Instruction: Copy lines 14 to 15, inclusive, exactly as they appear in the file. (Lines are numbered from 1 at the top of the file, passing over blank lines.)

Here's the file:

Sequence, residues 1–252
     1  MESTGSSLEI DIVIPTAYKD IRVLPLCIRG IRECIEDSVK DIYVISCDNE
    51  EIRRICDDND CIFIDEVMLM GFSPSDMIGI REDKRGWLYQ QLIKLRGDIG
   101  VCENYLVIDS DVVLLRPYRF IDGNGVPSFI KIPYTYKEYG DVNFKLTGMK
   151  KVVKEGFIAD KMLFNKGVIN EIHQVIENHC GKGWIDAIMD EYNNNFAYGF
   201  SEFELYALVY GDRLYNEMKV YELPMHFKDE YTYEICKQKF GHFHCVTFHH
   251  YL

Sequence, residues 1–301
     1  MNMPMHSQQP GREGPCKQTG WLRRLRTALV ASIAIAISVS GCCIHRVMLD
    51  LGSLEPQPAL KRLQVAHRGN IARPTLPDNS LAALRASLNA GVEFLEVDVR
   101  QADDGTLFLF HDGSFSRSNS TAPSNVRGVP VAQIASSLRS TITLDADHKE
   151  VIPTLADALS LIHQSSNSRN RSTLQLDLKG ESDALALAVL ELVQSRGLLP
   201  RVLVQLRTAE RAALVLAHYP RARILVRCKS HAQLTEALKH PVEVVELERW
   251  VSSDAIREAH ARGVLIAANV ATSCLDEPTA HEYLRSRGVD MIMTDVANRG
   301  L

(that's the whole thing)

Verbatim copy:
   251  VSSDAIREAH ARGVLIAANV ATSCLDEPTA HEYLRSRGVD MIMTDVANRG
   301  L